BENGALURU: The start of any journey is always difficult and the major problems that I faced in my start-up journey was building credibility. It’s hard to convince people as to why they should buy our products and invest their money on us, people tend to trust brands that have been in the market for a long period and for new brands or start-ups like ours, there are a lot of questions they have in mind. So it is hard to build that trust with the consumers in the beginning.
The entire team is very new to the working pattern. They all have experiences in their respective field but for a brand which is first of its kind in the country every detail and every step has to be personally monitored which at times becomes a very daunting task. When you have a start-up and come up with an idea which is new a lot of people may understand your vision but to a lot of people, it also sounds absurd. So this becomes another task that has to be done in the process of moving forward.
Since our footwear brand is handcrafted, a lot of time and effort goes behind it. Each pair requires around 8-9 hours of hard work. We wish to expand our production team keeping quality in priority over quantity. While nowadays a lot of brands are coming up with fashionable wedding footwear or party-wear heels for ladies, but when it comes to office footwear their options are very limited. Hardly does an office-going woman easily find the ideal footwear to pair up with formals. And this is exactly where we step in.
-Dipika Agarwal, CEO and Creative head, OPANCHO
In our country, where everyone asks for tangible results from day one, educating the budding entrepreneurs about the long-term benefits of joining an accelerator programme are like turning the North into the South. Unfortunately, the majority is the victim of free advice because of every Tom, Dick, and Harry presented himself as a subject matter expert or consultant. The result is obvious: More than 90 per cent of them have no option, but closure. So, our first challenge was to change people’s perception of accelerator and incubator programmes.
The next big task before us was aligning the company’s vision with the vision of 35 entrepreneurs from different industries and backgrounds. Our strength is that is diversity was also a big challenge at the time of establishing RisersAccelerator, a start-up that promotes promising start-ups. For instance, in the initial days, unanimity in funding decisions was often a complicated matter, as all the 35 entrepreneurs have their unique ideologies and logical understanding to decide which start-up should be prioritised and which should be kept for review. We also faced problems in getting strategic investors in the beginning as sometimes for a start-up strategic investors are more important than financial investors. As strategic investors are the ones which the start-ups in attaining the experience and a network with the other things. Fortunately, we are past that stage now but it was a very crucial and important step.
- Pravin Khandelwal, Director, Risers Accelerator
All over the country, many fintech start-ups are evolving. Although it is a big industry with a good scope of growth and profit, it is tough to survive in such a fast-growing sector. There are various challenges the lending sector faces. Challenges are part of every business, especially in the banking and finance sector, which is very large and full of competition amidst the presence of national as well as international players.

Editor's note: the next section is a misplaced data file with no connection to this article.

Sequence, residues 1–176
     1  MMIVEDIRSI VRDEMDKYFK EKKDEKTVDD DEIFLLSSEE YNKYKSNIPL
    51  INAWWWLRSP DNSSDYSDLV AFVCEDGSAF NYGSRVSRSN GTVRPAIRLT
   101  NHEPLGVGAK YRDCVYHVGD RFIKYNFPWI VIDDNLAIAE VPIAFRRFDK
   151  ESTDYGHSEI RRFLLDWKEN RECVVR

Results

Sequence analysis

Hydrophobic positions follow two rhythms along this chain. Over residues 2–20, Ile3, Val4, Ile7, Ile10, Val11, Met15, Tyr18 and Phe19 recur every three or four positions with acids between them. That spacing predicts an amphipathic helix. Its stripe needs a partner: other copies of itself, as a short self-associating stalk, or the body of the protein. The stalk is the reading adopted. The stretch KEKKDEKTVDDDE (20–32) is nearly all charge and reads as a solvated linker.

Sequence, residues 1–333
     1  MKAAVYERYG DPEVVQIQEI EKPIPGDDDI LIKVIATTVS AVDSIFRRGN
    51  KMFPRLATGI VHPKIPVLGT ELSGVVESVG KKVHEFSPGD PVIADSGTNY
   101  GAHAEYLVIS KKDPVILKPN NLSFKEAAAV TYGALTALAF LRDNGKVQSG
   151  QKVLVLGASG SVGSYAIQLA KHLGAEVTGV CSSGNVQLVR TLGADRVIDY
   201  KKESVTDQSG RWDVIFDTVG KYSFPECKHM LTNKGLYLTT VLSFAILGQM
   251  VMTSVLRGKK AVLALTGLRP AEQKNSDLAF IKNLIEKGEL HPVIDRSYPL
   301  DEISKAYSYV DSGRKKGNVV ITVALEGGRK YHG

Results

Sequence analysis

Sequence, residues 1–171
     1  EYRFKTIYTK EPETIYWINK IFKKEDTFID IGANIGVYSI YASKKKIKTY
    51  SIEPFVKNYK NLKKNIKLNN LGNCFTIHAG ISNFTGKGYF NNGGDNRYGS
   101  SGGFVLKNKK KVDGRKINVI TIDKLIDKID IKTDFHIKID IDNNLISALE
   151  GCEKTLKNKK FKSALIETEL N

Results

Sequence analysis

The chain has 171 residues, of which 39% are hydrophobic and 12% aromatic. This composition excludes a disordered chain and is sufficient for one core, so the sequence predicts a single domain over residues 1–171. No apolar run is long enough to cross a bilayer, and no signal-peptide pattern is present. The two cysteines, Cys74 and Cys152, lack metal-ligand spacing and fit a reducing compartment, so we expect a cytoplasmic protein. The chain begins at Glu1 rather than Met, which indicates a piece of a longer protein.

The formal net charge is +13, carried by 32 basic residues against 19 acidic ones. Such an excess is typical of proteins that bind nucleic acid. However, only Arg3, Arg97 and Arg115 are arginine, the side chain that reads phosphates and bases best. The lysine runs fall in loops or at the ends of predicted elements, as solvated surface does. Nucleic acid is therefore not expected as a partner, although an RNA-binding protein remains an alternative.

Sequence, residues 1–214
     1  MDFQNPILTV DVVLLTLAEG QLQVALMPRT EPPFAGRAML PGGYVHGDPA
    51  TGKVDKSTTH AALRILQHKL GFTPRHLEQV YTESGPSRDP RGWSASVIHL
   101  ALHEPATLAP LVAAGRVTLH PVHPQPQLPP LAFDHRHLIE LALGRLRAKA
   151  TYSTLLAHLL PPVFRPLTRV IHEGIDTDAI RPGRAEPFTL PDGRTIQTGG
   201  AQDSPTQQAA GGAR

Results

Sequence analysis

Fortunately, our vision for the financial consulting and solution start-up was very clear from the very first day, and the products that we are offering to the market are in demand. So, we never got trapped in any serious problem due to our efficient management team and customer-friendly technology. Although like every start-up, initially, we faced certain difficulties in hiring the right kind of people for the job. Because as a start-up and that too finance we do not take any issue regarding lack of integrity and skills lightly as it the backbone of the organisation, so faced quite some difficulties around that in the beginning.- Rachit Chawla, founder and CEO, Finway
Coming from a small farming family with marginal land holding in Maharashtra, I always wanted to solve the primary problem that farmers all over India, especially from more rural centres face - to make markets available to them at their doorstep, to increase their income and make life better.The biggest crisis we have encountered so far in this journey was right at the beginning - a drastic change in mindset and pre-conceived notions about the industry (Farmpal is an agri-tech start-up). When we first started we thought that technology can help us organise this space rapidly. That with the use of technology, we can overcome a lot of the challenges that the unorganized Agri industry faces today. We developed sophisticated tech and went to market - farmers and potential customers.
This backfired spectacularly as we realised that the problem is very complex – a fragmented market, with low tech penetration and lack of awareness. Before we enabled the stakeholders to use tech effectively, we had to educate them, create awareness. The farmers did not easily understand us and customers didn’t really believe we could deliver fresh produce daily without them having to go to the market themselves.
We had to bring about a cultural change among farmers about selling their produce, and within customers to buy their vegetable supplies without having to go to the local Mandis. We realised that tech is just an enabler and that we need to work very closely on the ground to make our dream successful.
We quickly changed our ways; aligned our thinking and communication to speak the language of our key stakeholders, the farmers and the customers. We spent time and effort to go to the depth of the problems they face, and improve our understanding of the ground reality.
- Karan Hon, co-founder, Farmpal